Questions You May Want to Ask About Your Medication

If you are given medication by your doctor you will need to take it according to his/her instructions. Listed below are some questions you may want to ask of the doctor or nurse so that you can have the information you need to make it as effective as possible.

  • Why do I have to take this medicine?
  • What will happen if I do not take it?
    Can I be treated without medication?
  • Before I begin taking any medicine or even if I am not taking medicine, can I have a second opinion?
  • What is the name of the medicine prescribed for me?
  • How is it supposed to make me feel? What are the side effects of the medicine? Will it affect any other medical or physical problems I have?
  • Are there side effects I should report immediately?
  • Is it similar to or different from the medicine I was taking before this?
  • How much should I take? How many times a day? What time of day? Before or after meals?
  • What would happen if I took too much?
  • Is it all right if I drink alcohol or beer when taking this medicine? Is there any food or other drink I should avoid?
  • Are there other medicines I should avoid when taking this medicine?
  • Will this medicine affect my interest and/or my ability to participate in sex?
  • How long will I need to take this medicine?
  • If I take this medicine for a long time, what can it do to me?
  • What is tardive dyskinesia (TD)? Can I get TD from taking this medicine? Can something be done to avoid this?

For women in child bearing years:

  • Will this affect my menstrual periods?
  • Should I take birth control pills while taking this medicine?
  • If I get pregnant while taking this medicine, could it have any effect on my baby?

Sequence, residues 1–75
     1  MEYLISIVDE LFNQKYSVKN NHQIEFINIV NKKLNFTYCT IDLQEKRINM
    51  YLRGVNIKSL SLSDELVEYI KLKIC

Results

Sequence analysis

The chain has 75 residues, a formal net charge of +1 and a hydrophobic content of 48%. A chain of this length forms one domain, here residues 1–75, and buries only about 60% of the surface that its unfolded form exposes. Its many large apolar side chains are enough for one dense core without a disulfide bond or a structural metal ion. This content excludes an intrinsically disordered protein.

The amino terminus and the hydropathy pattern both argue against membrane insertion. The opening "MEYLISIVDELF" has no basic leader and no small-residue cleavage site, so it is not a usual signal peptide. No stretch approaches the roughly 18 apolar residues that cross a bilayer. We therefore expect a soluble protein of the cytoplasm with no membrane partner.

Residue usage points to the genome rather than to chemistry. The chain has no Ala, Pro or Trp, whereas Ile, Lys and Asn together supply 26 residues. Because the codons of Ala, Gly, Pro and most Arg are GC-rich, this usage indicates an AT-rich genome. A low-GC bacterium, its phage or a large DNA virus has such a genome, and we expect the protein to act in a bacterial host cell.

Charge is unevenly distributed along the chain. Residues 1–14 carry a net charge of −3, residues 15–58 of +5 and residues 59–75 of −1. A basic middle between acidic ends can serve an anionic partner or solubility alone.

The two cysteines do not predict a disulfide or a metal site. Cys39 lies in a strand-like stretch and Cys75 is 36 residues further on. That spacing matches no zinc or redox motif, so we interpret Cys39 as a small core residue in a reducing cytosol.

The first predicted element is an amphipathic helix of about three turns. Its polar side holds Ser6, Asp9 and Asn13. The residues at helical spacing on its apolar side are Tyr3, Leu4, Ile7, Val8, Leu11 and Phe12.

• Should I take it while nursing?
  • Should I drive or operate machinery while taking this medicine?
  • Is there anything else I should know about this medicine?
  • How often will you review with me what the medicine is doing?
  • How soon will I need to take this medicine?

Court Hearings (Mental Health Code Sections 452; 463)

If you are admitted to the hospital involuntarily, you have the following rights regarding court hearings:

  • To have your court hearing promptly, but not more than seven days (this does not include Sundays or holidays) after the court receives the application (petition).
  • To be present at all court hearings. During this hearing, you have the right to be represented by an attorney. If you cannot afford an attorney, the court will appoint one for you. Your attorney must consult with you, in person, at least 24 hours before the time set for your court hearing. (You may choose to waive the right to attend your hearing by signing a waiver witnessed by your legal counsel and filed with the court.)
  • To demand a jury trial.
  • To present documents and witnesses and to cross examine witnesses.
  • To obtain, at public expense if necessary, an independent clinical evaluation by a physician, psychiatrist, or licensed psychologist of your choice. (You must request this before the first scheduled hearing or at the first scheduled hearing before the first witness has been sworn.)
  • To a copy of the court order.

Periodic Review (Mental Health Code Sections 482; 485a)

If you have a court order for continuing involuntary treatment, you have the right to regular, adequate, and prompt reviews of your status. These reviews must be done six (6) months from the date of the court order and every six (6) months from there on.

Results of these reviews must be provided to you within five days from the time they are made part of your record and you must be informed of your right to petition for discharge.

If you do petition for discharge following the periodic review, you have the right to a hearing. In addition to that hearing, you may petition the court for a discharge hearing once within each 12 month period from the date of the original order. If, after any of these hearings, the court determines that you no longer require treatment, you will be discharged.